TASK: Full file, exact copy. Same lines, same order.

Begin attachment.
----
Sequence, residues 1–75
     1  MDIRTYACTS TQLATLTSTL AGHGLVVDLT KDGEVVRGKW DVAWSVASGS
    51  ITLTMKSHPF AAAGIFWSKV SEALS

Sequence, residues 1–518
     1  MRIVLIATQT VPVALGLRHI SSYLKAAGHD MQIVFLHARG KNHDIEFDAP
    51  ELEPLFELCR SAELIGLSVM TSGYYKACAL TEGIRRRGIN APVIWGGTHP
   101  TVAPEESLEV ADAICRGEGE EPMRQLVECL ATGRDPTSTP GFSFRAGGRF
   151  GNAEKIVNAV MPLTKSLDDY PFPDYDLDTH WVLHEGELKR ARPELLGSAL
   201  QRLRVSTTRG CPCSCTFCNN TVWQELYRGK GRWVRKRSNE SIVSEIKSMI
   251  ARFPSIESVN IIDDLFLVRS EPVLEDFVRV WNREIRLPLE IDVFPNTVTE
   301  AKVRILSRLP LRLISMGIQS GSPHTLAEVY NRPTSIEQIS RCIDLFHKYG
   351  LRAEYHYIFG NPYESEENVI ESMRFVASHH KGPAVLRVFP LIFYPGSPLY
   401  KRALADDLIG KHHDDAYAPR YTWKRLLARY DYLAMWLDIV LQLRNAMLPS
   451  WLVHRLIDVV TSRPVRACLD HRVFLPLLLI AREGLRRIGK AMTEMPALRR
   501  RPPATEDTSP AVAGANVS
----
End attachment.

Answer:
Sequence, residues 1–75
     1  MDIRTYACTS TQLATLTSTL AGHGLVVDLT KDGEVVRGKW DVAWSVASGS
    51  ITLTMKSHPF AAAGIFWSKV SEALS

Sequence, residues 1–518
     1  MRIVLIATQT VPVALGLRHI SSYLKAAGHD MQIVFLHARG KNHDIEFDAP
    51  ELEPLFELCR SAELIGLSVM TSGYYKACAL TEGIRRRGIN APVIWGGTHP
   101  TVAPEESLEV ADAICRGEGE EPMRQLVECL ATGRDPTSTP GFSFRAGGRF
   151  GNAEKIVNAV MPLTKSLDDY PFPDYDLDTH WVLHEGELKR ARPELLGSAL
   201  QRLRVSTTRG CPCSCTFCNN TVWQELYRGK GRWVRKRSNE SIVSEIKSMI
   251  ARFPSIESVN IIDDLFLVRS EPVLEDFVRV WNREIRLPLE IDVFPNTVTE
   301  AKVRILSRLP LRLISMGIQS GSPHTLAEVY NRPTSIEQIS RCIDLFHKYG
   351  LRAEYHYIFG NPYESEENVI ESMRFVASHH KGPAVLRVFP LIFYPGSPLY
   401  KRALADDLIG KHHDDAYAPR YTWKRLLARY DYLAMWLDIV LQLRNAMLPS
   451  WLVHRLIDVV TSRPVRACLD HRVFLPLLLI AREGLRRIGK AMTEMPALRR
   501  RPPATEDTSP AVAGANVS